31_ ABC Build Your Future Day

Toby Johnson participates in FallTech’s fall protrection demonstration at Wednesday’s Build Your Future Day at the West Cal Arena.


The Pelican Chapter of Associated Builder and Contractors, Inc. hosted Build Your Future Day 2019 for area high school student on Wednesday at the West Cal Arena. Over 500 students from 29 high schools in Southwest Louisiana attended the event designed to introduce various industrial careers available in the region and potentially draw connections with student's Jump Start curriculums.

"These kids don't really realize everything that's out there," Blaise Theard, workforce development specialist said. Most students are familiar with welding, electrical and heavy machine operations, he said, but "when they come out here and see the careers they could have in safety or rebar tying it just shows them what all is out there in the industry."

Louisiana has the fifth highest demand for craft professionals in the United States. With the school agriculture programs and the creation of a standardized career and technical education through the Jump Start pathway, the future of construction is in the hands of students attending Wednesday's event, Theard said.

"These employers understand that the next generation is going to make an impact on this industry. The quicker we can get them in training, the better," he said. High School students who take advantage of programs like ABC can potentially graduate ready for a job or at least have a head start on their craft training.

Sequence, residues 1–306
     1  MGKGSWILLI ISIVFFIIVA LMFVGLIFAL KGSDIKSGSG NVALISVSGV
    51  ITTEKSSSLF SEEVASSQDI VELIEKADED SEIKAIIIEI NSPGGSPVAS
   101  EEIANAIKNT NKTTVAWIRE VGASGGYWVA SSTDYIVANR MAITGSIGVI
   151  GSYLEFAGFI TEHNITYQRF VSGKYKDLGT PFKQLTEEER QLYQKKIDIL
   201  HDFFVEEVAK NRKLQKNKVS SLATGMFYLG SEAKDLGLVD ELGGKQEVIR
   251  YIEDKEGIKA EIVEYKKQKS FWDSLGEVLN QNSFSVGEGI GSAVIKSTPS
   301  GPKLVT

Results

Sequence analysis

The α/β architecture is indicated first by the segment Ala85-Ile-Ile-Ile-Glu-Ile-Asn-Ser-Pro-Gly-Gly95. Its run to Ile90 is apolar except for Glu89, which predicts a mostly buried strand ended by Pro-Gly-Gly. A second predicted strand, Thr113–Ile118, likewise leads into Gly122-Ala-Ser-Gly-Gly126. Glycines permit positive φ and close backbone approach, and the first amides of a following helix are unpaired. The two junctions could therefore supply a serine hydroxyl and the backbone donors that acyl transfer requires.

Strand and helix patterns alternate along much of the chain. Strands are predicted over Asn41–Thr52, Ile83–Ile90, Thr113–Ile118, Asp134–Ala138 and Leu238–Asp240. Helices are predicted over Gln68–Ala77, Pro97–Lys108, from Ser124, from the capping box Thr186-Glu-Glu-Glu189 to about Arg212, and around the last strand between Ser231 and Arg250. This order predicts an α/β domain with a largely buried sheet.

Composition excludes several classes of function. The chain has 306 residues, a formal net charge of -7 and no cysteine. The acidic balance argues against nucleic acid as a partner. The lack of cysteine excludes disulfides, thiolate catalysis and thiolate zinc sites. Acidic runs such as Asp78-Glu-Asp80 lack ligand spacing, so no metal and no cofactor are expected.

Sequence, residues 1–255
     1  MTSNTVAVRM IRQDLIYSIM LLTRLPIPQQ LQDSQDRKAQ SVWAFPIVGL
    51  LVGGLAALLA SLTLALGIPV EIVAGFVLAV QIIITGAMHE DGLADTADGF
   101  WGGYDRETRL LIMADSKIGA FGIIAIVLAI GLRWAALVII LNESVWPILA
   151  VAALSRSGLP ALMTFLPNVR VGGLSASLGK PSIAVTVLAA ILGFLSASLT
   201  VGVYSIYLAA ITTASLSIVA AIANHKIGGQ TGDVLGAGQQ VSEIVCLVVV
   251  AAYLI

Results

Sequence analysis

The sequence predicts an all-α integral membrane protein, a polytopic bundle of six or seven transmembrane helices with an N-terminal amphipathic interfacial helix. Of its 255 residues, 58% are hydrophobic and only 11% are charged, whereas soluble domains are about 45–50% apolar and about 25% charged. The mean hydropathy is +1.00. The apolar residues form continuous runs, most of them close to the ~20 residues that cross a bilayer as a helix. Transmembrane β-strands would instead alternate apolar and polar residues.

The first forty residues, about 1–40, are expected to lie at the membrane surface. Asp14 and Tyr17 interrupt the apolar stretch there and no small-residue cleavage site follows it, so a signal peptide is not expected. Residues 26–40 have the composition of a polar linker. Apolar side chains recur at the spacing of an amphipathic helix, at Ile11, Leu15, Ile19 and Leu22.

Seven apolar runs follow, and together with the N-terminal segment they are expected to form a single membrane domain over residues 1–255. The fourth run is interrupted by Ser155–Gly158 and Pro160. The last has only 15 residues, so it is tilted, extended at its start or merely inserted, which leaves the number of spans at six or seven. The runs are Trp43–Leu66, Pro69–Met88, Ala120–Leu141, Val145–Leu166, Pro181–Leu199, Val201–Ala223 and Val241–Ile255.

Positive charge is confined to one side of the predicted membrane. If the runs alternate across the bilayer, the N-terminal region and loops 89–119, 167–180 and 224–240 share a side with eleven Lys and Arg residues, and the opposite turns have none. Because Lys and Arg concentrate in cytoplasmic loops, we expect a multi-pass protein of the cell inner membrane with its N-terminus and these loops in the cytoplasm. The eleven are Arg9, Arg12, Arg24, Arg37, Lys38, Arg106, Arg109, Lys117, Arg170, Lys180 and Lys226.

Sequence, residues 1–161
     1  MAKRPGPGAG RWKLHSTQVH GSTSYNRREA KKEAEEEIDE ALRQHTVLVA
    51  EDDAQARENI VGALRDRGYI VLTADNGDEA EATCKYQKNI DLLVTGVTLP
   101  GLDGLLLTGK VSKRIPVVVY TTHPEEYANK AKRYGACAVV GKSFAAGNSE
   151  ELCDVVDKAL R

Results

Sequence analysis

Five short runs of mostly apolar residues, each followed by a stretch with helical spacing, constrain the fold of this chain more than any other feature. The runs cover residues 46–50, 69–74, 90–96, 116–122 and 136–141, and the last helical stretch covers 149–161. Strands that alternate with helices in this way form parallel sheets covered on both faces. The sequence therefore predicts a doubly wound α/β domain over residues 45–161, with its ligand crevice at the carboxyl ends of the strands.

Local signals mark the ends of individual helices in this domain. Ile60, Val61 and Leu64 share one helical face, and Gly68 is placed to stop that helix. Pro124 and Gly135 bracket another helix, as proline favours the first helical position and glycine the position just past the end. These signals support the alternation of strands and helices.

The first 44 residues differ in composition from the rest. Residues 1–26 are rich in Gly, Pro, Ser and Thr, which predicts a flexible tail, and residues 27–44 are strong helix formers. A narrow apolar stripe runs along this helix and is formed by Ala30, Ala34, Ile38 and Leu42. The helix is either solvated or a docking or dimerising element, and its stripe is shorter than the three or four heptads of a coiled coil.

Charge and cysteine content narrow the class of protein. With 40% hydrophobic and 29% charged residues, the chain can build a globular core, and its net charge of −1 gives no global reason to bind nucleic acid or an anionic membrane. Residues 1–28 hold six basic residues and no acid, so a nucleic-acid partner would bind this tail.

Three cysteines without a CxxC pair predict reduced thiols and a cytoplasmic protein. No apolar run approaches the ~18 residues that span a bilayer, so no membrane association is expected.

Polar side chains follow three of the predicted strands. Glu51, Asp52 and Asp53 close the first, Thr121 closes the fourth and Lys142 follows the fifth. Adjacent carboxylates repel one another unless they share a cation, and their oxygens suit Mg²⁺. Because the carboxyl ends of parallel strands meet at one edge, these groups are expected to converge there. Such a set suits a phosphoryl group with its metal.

Time to enter the workforce can take up to two years after high school or some students are ready at 18, he said. "It depends on the craft and it depends on the dedication of the kid," Theard said. "Regardless, we want them to be field ready."

Toby Johnson, a junior at Kinder High School, got a taste of potential careers with FallTech by participating in the fall protection demonstration. After coming down from his hoist he realized that line of work wouldn't be ideal for him.

"It ain't bad but it ain't comfortable," he laughed with his classmates.

The experience confirmed his desire to pursue a career as a welder, he said. "This is my first year but I've excelled in it. I'm on a higher level than most of the students in my age."

He attributed his success to a genuine enjoyment of process of the craft. "I'm very dedicated and it interests me a lot. I put a lot of focus on it. It's a good time passer and it calms me down...That's really one of the main things that I like about."

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